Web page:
Fortunately, in Gargar’s case, he survived because, as he sees it, either the police suddenly became insistent on getting him under police custody (in compliance with the law), or the Free Kim Gargar campaign had been quick in their campaign for his release.

Public awareness of Gargar’s arrest may have helped to spring him from whatever fate had in store for him at the military’s temporary command post in Aliwagwag village the first night he was taken by the military at gunpoint.

That day, the state forces had been in a firefight with suspected New People’s Army (NPA) guerillas. The NPA’s reportedly got away, so the government troops were presumed to not be in any good mood especially against one of its suspected enemies.

Gargar said the military’s plan had been for him to stay in the military camp after his “arrest”. But the police took custody of him six hours after the soldiers got him.

Since then, as the police and more people learned about the case of mistaken arrest — that Gargar is a scientist on field work, and not an NPA as the military alleged – conditions in prison started to relax for Gargar.

Of the four jail cells in Banganga, Kim was placed in minimum security, affording him the chance to walk around the compound, spend hours reading books sent him by his family and colleagues. He said his jail time helped him speed up his reading skills.

While news reports chronicle fights in jails, Gargar said he could recall only three major fights in the jail during the 10 months he was incarcerated. The worst happened in one of the three maximum security jails, where an inmate was stabbed with an icepick. He had to be brought to the Mati Hospital, but its facilities proved inadequate for his emergency needs. So, he was moved into a hospital in Tagum City where there is an X-Ray machine. He survived the ordeal.

Gargar noted how the icepick rumble gave the jail management a huge headache – it stretched the jail’s resources to the utmost, he said. They had to provide guards in the hospital, expenses, transportation.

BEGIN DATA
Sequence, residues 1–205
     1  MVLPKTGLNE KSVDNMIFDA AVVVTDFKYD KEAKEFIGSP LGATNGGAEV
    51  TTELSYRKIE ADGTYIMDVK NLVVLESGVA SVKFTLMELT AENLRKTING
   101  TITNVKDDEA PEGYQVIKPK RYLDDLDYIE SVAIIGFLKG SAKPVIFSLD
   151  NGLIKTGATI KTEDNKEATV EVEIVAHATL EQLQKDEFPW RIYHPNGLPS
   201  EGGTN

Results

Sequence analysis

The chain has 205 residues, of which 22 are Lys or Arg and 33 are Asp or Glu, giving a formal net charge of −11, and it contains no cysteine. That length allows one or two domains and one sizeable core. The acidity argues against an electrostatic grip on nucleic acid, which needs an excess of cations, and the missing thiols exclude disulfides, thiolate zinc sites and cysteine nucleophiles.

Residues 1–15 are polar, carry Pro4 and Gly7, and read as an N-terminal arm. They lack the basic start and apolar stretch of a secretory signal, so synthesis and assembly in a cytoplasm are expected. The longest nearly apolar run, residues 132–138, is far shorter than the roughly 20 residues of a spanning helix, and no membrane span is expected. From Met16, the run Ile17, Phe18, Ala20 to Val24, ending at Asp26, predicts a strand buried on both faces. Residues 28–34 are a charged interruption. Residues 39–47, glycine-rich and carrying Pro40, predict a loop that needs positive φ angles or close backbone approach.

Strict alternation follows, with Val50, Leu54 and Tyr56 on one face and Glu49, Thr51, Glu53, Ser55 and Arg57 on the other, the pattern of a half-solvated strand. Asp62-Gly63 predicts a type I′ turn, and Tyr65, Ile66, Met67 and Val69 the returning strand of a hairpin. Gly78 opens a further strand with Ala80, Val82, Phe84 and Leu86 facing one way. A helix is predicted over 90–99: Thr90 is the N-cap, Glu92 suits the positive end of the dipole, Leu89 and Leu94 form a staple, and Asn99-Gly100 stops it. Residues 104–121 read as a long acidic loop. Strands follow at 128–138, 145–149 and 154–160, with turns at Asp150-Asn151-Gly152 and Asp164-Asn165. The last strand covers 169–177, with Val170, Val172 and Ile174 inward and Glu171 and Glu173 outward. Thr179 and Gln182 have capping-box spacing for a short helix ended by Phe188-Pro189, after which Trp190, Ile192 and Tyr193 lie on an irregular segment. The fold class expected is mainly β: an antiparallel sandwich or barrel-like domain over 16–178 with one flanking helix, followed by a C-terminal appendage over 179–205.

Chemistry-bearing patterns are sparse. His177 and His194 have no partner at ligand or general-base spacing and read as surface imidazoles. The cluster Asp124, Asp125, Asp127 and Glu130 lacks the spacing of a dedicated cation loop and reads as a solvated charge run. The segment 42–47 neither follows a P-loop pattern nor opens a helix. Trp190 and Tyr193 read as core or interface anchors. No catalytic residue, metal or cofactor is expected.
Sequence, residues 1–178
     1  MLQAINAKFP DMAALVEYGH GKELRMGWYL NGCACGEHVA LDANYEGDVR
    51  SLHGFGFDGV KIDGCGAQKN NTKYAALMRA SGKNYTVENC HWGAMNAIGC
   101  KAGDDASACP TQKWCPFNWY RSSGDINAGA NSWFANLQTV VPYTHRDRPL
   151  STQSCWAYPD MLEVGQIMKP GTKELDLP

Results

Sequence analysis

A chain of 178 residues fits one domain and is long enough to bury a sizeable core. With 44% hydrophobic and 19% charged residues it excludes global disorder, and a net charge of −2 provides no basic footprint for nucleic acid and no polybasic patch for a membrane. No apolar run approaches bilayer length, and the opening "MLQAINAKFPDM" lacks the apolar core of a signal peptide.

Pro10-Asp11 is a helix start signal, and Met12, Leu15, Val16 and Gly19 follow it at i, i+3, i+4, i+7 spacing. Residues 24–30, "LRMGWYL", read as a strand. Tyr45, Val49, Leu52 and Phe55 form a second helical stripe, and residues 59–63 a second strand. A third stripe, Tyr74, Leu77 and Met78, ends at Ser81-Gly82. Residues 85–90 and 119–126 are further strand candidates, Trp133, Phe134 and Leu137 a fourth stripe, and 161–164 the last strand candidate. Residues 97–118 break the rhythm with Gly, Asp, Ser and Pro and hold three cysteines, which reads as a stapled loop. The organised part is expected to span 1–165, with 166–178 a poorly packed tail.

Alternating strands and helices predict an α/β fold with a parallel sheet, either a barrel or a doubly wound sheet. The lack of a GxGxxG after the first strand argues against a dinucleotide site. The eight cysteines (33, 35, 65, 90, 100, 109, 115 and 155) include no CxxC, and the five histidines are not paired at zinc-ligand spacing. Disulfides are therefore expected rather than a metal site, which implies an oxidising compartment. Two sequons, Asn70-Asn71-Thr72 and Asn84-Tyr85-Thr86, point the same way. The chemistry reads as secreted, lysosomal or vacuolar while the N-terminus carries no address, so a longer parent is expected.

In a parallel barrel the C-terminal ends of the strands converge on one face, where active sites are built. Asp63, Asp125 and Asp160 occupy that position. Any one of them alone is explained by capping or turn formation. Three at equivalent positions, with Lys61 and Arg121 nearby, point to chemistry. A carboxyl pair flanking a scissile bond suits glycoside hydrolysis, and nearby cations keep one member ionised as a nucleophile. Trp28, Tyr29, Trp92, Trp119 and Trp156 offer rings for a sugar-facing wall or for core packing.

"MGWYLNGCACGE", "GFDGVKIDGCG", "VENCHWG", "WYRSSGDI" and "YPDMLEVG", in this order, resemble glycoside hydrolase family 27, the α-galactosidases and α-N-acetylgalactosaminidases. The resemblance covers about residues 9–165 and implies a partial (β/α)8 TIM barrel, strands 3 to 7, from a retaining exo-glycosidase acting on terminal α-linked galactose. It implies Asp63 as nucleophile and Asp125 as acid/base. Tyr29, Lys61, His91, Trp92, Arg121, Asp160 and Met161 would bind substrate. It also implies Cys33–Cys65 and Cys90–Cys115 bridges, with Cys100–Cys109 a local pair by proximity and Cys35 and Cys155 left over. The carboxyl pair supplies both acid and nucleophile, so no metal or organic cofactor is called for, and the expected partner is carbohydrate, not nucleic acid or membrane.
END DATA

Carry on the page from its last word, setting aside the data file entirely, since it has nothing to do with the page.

Gargar said he had never been bored in jail, because he always looks for ways to beat boredom. He had tried to help some of his fellow inmates to learn to read and write, but the conditions in jail prevented them from pursuing it, he said. They had no materials, for one.

He said some policemen agreed he could not have been an NPA. He has very poor vision without his thick eyeglasses, how could he have survived the rigors of NPA life? Asked the more practical policemen.

Another practical question hounds the military allegations of Gargar’s NPA links, according to his colleagues. Gargar was studying for his PhD in a specialized branch of biology at Groningen University in the Netherlands, and he has taught at UP Diliman – how did he manage to have the time to live as an NPA amid the required studying?

The military also accused him of having carried single-handedly a 27-kilo explosive, but according to Agham, even the court doubted this. Soldiers themselves said it took a lot of their men to carry that weight. Are the soldiers alleging then that the NPA members have super-human strength, on top of nobility at wanting to serve the poor despite having good scholastic backgrounds?

After survival and detention, the fight to clear his name

Task Force Justice for Environmental Defenders (TFJED) spokesperson Leon Dulce emphasized in a press conference Saturday, Aug. 9, that “the case of Kim is an example of the hostility of the Aquino government toward people who are either pushing for genuine reforms or opposing the current policies and projects of the state.” The group has monitored at least 37 killings of environmental defenders and development workers who until now have not been granted justice.

In the press conference, the Free Kim Gargar (FKG) Alliance also reiterated that while Kim’s colleagues, family and friends are welcoming his release on bail, demands for the court to drop all trumped-up charges against Kim still stand.

Aside from Kim, there are others in detention right now who, the alliance said, should not have been in detention since it is not illegal to seek reforms and justice.

The FKG campaign vows to continue to call on the Aquino government to uphold human rights and release all the political prisoners in the country. (